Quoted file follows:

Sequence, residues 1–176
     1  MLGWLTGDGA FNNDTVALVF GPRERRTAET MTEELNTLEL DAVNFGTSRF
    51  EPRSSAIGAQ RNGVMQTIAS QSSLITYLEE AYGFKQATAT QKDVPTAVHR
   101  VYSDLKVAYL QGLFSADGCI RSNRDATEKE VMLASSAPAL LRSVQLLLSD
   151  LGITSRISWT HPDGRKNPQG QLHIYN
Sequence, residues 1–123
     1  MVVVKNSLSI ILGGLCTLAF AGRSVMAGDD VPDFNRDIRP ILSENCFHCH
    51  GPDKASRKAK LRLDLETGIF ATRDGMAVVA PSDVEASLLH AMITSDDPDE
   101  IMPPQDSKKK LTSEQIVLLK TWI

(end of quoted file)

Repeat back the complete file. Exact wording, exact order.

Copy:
Sequence, residues 1–176
     1  MLGWLTGDGA FNNDTVALVF GPRERRTAET MTEELNTLEL DAVNFGTSRF
    51  EPRSSAIGAQ RNGVMQTIAS QSSLITYLEE AYGFKQATAT QKDVPTAVHR
   101  VYSDLKVAYL QGLFSADGCI RSNRDATEKE VMLASSAPAL LRSVQLLLSD
   151  LGITSRISWT HPDGRKNPQG QLHIYN
Sequence, residues 1–123
     1  MVVVKNSLSI ILGGLCTLAF AGRSVMAGDD VPDFNRDIRP ILSENCFHCH
    51  GPDKASRKAK LRLDLETGIF ATRDGMAVVA PSDVEASLLH AMITSDDPDE
   101  IMPPQDSKKK LTSEQIVLLK TWI